It’s opening day of the 2017 WNBA season and the New York Liberty are hosting the San Antonio Stars at the World’s Most Famous Arena. San Antonio guards Kelsey Plum and Moriah Jefferson, two of the league’s rising stars, are both injured and won’t suit up for the visiting squad. They sit courtside during pregame, talking to reporters and posing for pictures with fans.
While people circle around Plum and Jefferson, Liberty center Tina Charles quietly starts to warm up. She practices her post moves against former Knick and current Liberty assistant Herb Williams and repeatedly knocks down jumpers from the baseline. She puts in her work methodically, finally ending by drilling a three-pointer from the corner.
It’s business as usual for Charles, always the final Liberty player to get shots up before the game starts. But the Queens native, dressed in a grey shirt and black sweatpants, is rocking a never-before-seen pair of the Nike Kyrie 3 that is most definitely not part of Charles’ tried-and-true pregame routine. The 3s are done up in an icy seafoam blue, their black Swoosh accented by a translucent outsole.
For years now, Nike and adidas have been outfitting the WNBA’s biggest superstars with exclusive PEs that nobody else has.
Sue Bird hoops in green and yellow Nike Kyrie 3s. Candace Parker was the first to play in the adidas Crazy Explosive 2017, wearing a one-of-one orange and purple pair for the month of June, honoring her late college coach, the legendary Pat Summitt.
“I’ll be wearing orange kicks all June; it was my coach’s birthday and the month she passed away,” Parker told the LA Daily News in June.
Go on down the line and the W is chock-full of rare colorways. Some of them are PEs; some of them get made on NikeiD; some of them coincide with Pride Month or breast cancer awareness.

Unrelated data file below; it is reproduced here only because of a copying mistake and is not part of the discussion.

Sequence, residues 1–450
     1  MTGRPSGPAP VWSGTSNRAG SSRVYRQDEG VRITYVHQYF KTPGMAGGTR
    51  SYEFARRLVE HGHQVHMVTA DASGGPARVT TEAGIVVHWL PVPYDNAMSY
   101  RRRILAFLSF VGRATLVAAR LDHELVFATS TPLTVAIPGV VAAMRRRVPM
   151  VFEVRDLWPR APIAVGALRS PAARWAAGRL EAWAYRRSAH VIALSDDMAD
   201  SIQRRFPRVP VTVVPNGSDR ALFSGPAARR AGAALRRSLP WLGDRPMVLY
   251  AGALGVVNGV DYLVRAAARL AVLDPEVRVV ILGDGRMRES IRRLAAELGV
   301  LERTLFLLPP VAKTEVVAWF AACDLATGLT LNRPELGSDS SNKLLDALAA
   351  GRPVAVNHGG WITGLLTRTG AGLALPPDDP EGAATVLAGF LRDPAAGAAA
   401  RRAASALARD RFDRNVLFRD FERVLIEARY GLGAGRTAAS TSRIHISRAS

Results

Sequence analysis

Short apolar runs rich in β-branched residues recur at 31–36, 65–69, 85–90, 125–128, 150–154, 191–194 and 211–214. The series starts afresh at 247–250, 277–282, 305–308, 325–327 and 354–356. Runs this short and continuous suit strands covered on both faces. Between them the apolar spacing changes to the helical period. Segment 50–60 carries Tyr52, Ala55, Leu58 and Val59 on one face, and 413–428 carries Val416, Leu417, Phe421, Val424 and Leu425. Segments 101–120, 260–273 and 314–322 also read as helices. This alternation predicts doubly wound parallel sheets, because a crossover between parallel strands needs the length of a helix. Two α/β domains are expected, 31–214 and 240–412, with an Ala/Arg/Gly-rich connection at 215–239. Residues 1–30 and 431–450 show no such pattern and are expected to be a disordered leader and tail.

All of them, though, are fire.
“[Nike] knows the month of June is Pride Month,” says Liberty forward Shavonte Zellous, who has been playing in a rare version of the KD 9 with a rainbow-colored outsole. “All across the league they shipped shoes. I got them in my locker and I was like, ‘Oh, what’s this?’ It’s just an honor to wear these guys’ shoes, for us to be able to play in them and remix like they do.”
“We do pick shoes according to the players that [we] like,” says Lynx forward and three-time WNBA champ Seimone Augustus, who’s worn Kyries for the past two seasons. “I love Kyrie as a player. We have some similarities in our ballhandling, [and] his shoe fits me.”
During the Finals last year, Augustus wore a purple Kyrie 2 PE with Prince’s logo on it. Since then, she’s shown off other Lynx-related colorways of the 3.
“We have green in our uniforms,” Augustus says. “I try to bring that green out a little bit more when designing my sneakers.”
Sue Bird, one of Irving’s close friends, doesn’t get as flashy with her Kyrie 3s.
“I’m definitely someone who likes to match,” Bird says. “[Nike] knew that I wanted the colors of the shoes predominately green and yellow. Last year the WNBA switched to where no team has a white uniform, so this year the only thing I asked for was something that could match both uniforms.
“[Irving] actually came to a game earlier this month,” Bird adds. “I think I had the green ones on that day. He gave it the once-over. He approved. It’s funny because obviously his colorways are crazy, but the green and yellow are pretty rare. Nobody’s rocking green and yellow.”